The purpose of this starter kit is to support schools who are trying to close the Digital Learning Gap. By sharing the challenges and solutions from our participating schools, we hope to create the ultimate blueprint for how to use technology for learning.
Each of the chapters below represents a section of the journey our schools share. We’ll add new resources on an ongoing basis; click here to sign up for updates!
The way people find and share information has changed, and learning opportunities are everywhere. We’re working with our schools to build the ultimate blueprint for rolling out and using technology in schools.
An effective plan requires buy-in and participation from everyone. Some of the biggest lessons learned from our schools include the importance of a storytelling strategy and strong student leadership teams.
Let’s get technical. To support powerful use of technology, you’ll need powerful infrastructure. Some of the biggest lessons learned from our schools include the importance of a mobile device management system and a clear device incident workflow.
It’s almost time to roll out devices to learners… Are policies in place? Are teachers and parents comfortable? Are behavior expectations clear? Here’s everything you need to think about to make the rollout a learner-focused celebration!
You’ve closed the digital divide and every learner now has access- at school and at home. Now what? How will the classroom change? How will home life change? What are the first things to think about during this shift?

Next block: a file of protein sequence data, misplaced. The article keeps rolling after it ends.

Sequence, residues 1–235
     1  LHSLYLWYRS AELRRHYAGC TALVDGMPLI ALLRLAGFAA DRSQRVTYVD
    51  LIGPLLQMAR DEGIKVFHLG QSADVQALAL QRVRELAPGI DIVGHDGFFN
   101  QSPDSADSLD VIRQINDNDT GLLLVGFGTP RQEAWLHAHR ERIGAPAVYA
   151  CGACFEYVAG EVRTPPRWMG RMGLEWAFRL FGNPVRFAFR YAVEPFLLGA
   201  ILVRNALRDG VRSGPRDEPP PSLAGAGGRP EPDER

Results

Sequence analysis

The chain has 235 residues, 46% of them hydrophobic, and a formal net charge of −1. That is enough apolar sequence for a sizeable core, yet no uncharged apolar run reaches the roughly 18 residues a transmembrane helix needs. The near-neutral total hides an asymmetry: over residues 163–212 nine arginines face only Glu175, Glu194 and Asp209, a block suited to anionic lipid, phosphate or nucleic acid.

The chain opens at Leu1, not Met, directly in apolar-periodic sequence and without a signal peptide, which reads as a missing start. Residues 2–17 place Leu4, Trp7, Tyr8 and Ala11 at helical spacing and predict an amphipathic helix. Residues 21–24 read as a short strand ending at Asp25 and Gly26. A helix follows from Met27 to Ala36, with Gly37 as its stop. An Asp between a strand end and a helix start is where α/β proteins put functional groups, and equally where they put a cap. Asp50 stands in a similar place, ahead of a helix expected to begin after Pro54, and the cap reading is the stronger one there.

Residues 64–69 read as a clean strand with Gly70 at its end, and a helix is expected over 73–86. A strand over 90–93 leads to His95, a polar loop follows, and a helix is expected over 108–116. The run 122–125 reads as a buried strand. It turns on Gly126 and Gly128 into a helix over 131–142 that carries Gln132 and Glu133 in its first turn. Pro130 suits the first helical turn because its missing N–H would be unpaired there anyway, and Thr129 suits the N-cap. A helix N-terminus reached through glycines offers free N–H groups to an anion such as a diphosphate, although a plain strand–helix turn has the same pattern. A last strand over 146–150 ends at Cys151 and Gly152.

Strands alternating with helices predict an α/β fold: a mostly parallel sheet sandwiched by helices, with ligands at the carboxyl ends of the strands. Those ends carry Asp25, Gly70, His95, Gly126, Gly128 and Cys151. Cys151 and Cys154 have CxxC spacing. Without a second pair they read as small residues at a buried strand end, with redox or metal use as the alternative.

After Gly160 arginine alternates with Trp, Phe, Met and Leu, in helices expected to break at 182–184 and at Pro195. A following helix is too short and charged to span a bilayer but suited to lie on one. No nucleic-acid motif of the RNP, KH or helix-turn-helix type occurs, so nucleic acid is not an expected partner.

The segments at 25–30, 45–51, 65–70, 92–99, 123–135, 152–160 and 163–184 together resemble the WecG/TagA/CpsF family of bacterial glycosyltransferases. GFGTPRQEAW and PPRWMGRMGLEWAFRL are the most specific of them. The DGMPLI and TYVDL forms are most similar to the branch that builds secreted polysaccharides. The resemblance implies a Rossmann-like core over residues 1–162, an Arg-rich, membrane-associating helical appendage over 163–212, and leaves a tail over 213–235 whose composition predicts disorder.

Learners need more than access; they need to know how to use technology to learn. In this phase, teachers are beginning to give students the freedom to explore and evaluate resources themselves. Here are some of their lessons learned.
How do you know if you’re successful? How do you turn your needs and concerns into victories and lessons learned? In this section, we explore the strategies our schools are using to collect and share meaningful feedback.
What does powerful use of technology for learning look like? When we are totally connected and information is always accessible, classrooms change. The questions we ask our learners need to change as well! Here are examples of what learning in this new world can look like.
A confident learner is someone who believes she/he can select challenges to solve, connect with people and resources, and reflect and share victories and lessons learned. This is our end goal, and this is why we do what we do.